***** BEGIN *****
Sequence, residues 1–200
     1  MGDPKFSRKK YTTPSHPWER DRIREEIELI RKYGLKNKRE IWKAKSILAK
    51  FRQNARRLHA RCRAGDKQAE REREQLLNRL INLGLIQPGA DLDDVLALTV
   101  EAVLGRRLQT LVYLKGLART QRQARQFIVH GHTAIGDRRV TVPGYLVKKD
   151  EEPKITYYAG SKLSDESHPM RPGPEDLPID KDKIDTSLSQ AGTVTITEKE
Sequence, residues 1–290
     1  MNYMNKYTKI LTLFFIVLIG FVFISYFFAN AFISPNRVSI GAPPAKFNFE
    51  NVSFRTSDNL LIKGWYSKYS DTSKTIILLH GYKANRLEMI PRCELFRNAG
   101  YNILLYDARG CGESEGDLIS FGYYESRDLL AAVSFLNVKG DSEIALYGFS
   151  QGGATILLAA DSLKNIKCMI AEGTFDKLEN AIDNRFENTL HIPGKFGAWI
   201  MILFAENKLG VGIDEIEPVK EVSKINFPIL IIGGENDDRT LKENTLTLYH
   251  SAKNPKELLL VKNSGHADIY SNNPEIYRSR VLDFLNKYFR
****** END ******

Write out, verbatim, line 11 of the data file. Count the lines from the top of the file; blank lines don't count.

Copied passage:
   201  MILFAENKLG VGIDEIEPVK EVSKINFPIL IIGGENDDRT LKENTLTLYH